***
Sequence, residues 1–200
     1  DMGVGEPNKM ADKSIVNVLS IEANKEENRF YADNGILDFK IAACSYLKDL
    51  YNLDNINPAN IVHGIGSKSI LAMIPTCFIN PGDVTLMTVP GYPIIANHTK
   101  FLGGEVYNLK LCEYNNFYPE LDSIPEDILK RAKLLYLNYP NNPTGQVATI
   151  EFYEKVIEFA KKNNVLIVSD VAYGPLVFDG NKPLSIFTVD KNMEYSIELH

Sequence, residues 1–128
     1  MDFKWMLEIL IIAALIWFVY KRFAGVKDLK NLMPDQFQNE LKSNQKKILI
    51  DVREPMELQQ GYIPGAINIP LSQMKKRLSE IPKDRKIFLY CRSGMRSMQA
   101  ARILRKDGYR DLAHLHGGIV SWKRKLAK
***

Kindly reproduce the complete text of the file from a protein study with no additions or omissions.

Sequence, residues 1–200
     1  DMGVGEPNKM ADKSIVNVLS IEANKEENRF YADNGILDFK IAACSYLKDL
    51  YNLDNINPAN IVHGIGSKSI LAMIPTCFIN PGDVTLMTVP GYPIIANHTK
   101  FLGGEVYNLK LCEYNNFYPE LDSIPEDILK RAKLLYLNYP NNPTGQVATI
   151  EFYEKVIEFA KKNNVLIVSD VAYGPLVFDG NKPLSIFTVD KNMEYSIELH

Sequence, residues 1–128
     1  MDFKWMLEIL IIAALIWFVY KRFAGVKDLK NLMPDQFQNE LKSNQKKILI
    51  DVREPMELQQ GYIPGAINIP LSQMKKRLSE IPKDRKIFLY CRSGMRSMQA
   101  ARILRKDGYR DLAHLHGGIV SWKRKLAK